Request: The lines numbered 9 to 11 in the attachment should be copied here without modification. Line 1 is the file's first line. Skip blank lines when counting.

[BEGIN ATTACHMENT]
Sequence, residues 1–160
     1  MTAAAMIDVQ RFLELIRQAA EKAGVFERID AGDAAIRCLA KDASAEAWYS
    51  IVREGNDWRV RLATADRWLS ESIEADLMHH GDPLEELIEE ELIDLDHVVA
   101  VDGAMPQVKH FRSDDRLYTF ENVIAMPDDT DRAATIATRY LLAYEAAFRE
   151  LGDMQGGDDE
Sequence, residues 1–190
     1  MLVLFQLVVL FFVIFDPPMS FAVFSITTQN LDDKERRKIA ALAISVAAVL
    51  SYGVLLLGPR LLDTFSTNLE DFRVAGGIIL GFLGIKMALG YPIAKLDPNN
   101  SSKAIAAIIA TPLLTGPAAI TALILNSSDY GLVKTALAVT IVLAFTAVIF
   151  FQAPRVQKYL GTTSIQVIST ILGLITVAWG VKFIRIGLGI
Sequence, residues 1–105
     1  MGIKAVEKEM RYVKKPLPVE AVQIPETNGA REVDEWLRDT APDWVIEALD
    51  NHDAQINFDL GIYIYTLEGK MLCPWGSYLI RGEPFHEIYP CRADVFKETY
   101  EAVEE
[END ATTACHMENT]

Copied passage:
   101  SSKAIAAIIA TPLLTGPAAI TALILNSSDY GLVKTALAVT IVLAFTAVIF
   151  FQAPRVQKYL GTTSIQVIST ILGLITVAWG VKFIRIGLGI
Sequence, residues 1–105